Food for Thought

How Frito chili pie became the national food of Texas — and a new H-Town version

How Frito chili pie became the national food of Texas — and a new H-Town version

When Bert’s Burgers & Fries nabbed the Big Tex Best Taste at the State Fair of Texas’ Labor Day food contest with Texas Fried Frito Pie, Texans and expats around the globe wondered: Why the heck did it take so long for someone to come up with this?

Frito chili pie has been a staple of Texas fairs, high school football games and greasy diners almost as long as Fritos have been in existence. But it took Nick Bert of Bert’s Burgers & Fries to come up with the idea of deep-frying the corn chips, chili, sharp cheddar cheese and onions. The press release from the Fair calls it a “hot, meaty, crunchy, salty, cheesy, oozing goodness.”

Ooooh, I can feel my arteries hardening already.

(FYI: The winner of most creative creation was fried beer. Hello, this is Texas.)

But don’t hold your breath for deep-fried Frito pie; it’s doubtful you can chow down on this delicacy anytime soon, unless you head up to Dallas before the Fair ends Oct. 17.

But that’s OK, there are plenty of places to eat Frito pie right here in Houston. And you can always make your own.

That’s what C.E. Dolin’s mom, Daisy, did in the early 1930s. C.E. Dolin, also known as Elmer, started the Frito Company in San Antonio in 1931 after he bought the recipe for $100. The company’s website doesn’t say who the poor schmuck was who sold it and lost out on a $10 billion industry. Anyway, according to the PR folks at Frito, mom started fooling around with recipes and created a pie of chili and chips. The rest is history.

Part of which is that corn chips married potato chips to become Frito-Lay, Inc. and moved to Plano, which, at least, is still in Texas.

So, Frito pie is quintessentially Texan. It’s the perfect Texas street food. (Although apparently they even eat it in California where it’s called a Walking Taco.) Vietnam can keep its bahn mi, India can keep all its chaat (even the yummy bhel puri dish of fried noodles, puffed rice and potatoes) and Germany can keep its paper cones of frites. I’ll take a Frito pie anytime.

And as I write that, I’m reminded of my first Frito pie. I had actually just come from the land of frites to a small town outside of San Antonio to start my first year of high school.

Can you say culture shock? I could and I did.

But after a while I sucked it up, bought my first pair of Tony Lama cowboy boots, started listening to Freddy Fender and Johnny Rodriguez and spent a Friday night under the lights. Thanks to the TV show Friday Night Lights, even Yankees know what this means.

I went to a high school football game. I wasn’t on the pom pom squad and I didn’t date a jock, so it was pretty boring. Until I found the band booster parents’ snack stand under the bleachers. It was there that I bought my first Frito pie. I watched with wonder as some anonymous band mom slit open (horizontally, never on the seam) a bag of Fritos Original Corn Chips, ladled in some piping hot Wolf Brand Chili (Meat. Only. No beans. This is not negotiable.) and topped it with some shredded cheddar and diced white onion.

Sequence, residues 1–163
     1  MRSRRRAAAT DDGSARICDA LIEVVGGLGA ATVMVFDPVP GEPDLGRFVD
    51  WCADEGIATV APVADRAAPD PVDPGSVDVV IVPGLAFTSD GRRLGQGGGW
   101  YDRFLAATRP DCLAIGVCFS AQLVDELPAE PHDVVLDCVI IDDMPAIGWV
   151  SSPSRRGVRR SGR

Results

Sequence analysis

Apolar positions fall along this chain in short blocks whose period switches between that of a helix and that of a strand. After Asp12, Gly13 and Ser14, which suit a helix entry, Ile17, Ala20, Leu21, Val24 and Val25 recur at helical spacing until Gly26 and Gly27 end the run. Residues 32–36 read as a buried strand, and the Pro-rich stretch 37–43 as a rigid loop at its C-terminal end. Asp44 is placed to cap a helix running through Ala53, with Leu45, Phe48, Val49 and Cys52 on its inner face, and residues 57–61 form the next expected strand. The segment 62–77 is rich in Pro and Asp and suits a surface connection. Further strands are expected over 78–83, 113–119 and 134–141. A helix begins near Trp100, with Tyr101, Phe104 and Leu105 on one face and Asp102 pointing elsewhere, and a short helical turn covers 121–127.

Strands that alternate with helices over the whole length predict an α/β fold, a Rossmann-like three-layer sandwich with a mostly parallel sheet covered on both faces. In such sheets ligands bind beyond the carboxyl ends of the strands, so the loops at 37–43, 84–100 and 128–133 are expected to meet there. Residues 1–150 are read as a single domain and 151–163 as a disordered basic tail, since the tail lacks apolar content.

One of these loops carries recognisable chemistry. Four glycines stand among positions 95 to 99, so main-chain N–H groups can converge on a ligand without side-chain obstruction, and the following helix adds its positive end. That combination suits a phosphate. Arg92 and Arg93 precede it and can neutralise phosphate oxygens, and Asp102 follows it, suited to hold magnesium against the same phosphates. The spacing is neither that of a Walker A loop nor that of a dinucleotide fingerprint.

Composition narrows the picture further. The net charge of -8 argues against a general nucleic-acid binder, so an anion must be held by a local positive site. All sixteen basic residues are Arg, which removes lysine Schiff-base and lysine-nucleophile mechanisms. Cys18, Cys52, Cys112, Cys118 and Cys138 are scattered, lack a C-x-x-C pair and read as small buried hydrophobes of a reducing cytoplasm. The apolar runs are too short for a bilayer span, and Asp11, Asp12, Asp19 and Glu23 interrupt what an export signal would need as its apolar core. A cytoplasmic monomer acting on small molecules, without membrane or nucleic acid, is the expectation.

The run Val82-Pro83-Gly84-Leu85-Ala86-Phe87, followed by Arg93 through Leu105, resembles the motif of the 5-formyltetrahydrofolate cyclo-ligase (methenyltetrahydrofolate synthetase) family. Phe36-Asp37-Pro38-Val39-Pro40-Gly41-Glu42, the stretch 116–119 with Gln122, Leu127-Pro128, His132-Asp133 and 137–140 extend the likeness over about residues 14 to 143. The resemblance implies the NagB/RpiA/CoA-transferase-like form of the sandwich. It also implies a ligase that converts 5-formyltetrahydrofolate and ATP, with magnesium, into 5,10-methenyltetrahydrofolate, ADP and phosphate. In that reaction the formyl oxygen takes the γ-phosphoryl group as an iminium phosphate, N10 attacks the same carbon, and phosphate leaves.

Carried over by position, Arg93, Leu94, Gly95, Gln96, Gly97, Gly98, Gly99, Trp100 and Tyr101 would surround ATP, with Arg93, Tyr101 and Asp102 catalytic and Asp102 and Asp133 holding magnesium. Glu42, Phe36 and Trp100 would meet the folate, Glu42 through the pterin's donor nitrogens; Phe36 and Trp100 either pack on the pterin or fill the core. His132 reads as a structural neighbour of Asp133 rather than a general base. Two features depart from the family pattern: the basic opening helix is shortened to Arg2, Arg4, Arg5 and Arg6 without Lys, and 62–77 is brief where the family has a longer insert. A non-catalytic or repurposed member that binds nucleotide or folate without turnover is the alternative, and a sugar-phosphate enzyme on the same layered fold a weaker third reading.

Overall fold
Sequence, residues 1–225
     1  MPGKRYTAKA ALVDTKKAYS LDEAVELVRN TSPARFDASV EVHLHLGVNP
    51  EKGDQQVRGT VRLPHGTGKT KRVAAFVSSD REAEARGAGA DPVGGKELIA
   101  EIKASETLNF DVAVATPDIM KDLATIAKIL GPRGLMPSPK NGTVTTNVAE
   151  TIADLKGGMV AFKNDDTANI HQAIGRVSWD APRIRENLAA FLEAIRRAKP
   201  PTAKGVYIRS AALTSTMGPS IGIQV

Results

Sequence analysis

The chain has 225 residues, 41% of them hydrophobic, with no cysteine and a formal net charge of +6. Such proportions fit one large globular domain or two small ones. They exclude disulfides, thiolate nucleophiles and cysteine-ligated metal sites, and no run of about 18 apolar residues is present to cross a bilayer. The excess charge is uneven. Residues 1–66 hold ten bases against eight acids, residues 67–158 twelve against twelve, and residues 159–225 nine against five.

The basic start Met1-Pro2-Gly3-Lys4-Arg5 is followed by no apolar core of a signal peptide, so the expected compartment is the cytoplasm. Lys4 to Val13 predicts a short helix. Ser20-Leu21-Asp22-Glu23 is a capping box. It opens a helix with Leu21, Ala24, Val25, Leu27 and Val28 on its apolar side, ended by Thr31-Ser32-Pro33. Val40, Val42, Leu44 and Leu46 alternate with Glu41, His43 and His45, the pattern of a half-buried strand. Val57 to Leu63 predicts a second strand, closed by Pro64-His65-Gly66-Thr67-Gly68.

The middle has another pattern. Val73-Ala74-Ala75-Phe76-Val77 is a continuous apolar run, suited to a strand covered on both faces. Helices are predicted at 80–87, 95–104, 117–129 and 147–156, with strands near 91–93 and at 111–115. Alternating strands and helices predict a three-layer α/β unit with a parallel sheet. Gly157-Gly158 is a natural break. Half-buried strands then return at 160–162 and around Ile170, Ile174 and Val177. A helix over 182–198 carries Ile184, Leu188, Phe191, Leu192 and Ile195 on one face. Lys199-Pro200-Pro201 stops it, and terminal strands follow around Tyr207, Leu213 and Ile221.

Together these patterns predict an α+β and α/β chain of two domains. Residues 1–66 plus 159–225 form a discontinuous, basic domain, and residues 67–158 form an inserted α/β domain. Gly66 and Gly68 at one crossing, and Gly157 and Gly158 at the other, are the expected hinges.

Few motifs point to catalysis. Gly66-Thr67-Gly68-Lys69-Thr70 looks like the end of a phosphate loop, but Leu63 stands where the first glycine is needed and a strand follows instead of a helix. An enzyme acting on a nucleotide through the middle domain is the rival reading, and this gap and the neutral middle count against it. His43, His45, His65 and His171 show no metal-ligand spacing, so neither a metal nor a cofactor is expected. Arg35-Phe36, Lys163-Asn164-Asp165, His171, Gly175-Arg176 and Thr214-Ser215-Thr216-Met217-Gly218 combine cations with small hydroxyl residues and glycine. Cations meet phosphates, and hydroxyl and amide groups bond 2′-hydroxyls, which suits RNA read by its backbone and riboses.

I carried that little bag around, digging into it with a plastic spork until every last morsel was gone.

I have been a Texan ever since.

Today, of course, you can get your fast food Frito pie fix on at most high school football and Little League games, Sonic Drive-Ins, 59 Diners and that Houston institution James Coney Island. And if you like your pie with a side of waitress smack talk, there’s always the Avalon Diner in River Oaks, where Frito pie has been on the menu almost since the diner opened in 1938. Just $2.95 a cup or $4.75 for a hearty bowl.

But if it’s a little culinary creativity you want, there’s the Frito Chili Pie on Yelapa Playa Mexicana’s upcoming brunch menu. Hot young chef L. J. Wiley is starting a Sunday Funday menu the first weekend in October and Frito pie will be front and center on the menu.

“Migas is the obvious choice for a Mexican brunch,” Wiley says. “But why stop at tortilla strips when you have Fritos?”

The recipe includes the famous Texas corn chips, cheese, eggs, a dollop of sour cream, some salsa and a little topping of cilantro and dice onions. And, of course, chili. Wiley’s pork chili to be exact. Because…

“Well, everything’s better with pork!” Wiley says.

But no beans. I repeat: No. Beans.

Wiley concurs.

“No beans in my chili,” he says.

And lest you think Wiley (the tattooed, motorcycle riding former chef at Cullen’s Upscale American Grille who cooked up some sous vide prime ribs there and puts peanuts in his guacamole at Yelapa) is a little too out there to appreciate the real essence of Frito pie, read on.

“To me Frito chili pie means eighth-grade softball diamond snack food. I grew up with it. It’s the ultimate American fast, comfort, snack food. And the best thing about it is that you can make it at home in minutes in the microwave.”

And how does Chef Wiley make it at home?

With Fritos and Wolf Brand Chili.

Wolf Brand Chili with no beans.

I rest my case.

News_Marene Gustin_Yelapa_brunch frito pie
Yelapa's Brunch Frito Pie is a new take on a Texas classic. Photo by Kimberly Park
News_Marene_Texas Fried_Frito Pie_State Fair_winner
The State Fair Winner, Texas Fried Frito Pie is a pure Texas story.
Fritos started in Texas and are still based here.
Places_Food_Yelapa Playa Mexicana Restaurant_L.J. Wiley_chef
L.J. Wiley is starting a Sunday Funday menu at Yelpa the first weekend in October. Courtesy of Yelapa Playa Mexicana Restaurant